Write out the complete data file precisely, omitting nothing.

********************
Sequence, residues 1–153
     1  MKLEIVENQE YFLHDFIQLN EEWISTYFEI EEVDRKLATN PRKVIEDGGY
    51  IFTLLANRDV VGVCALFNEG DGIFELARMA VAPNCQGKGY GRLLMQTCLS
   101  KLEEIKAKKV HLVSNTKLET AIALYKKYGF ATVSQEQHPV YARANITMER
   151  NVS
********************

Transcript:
Sequence, residues 1–153
     1  MKLEIVENQE YFLHDFIQLN EEWISTYFEI EEVDRKLATN PRKVIEDGGY
    51  IFTLLANRDV VGVCALFNEG DGIFELARMA VAPNCQGKGY GRLLMQTCLS
   101  KLEEIKAKKV HLVSNTKLET AIALYKKYGF ATVSQEQHPV YARANITMER
   151  NVS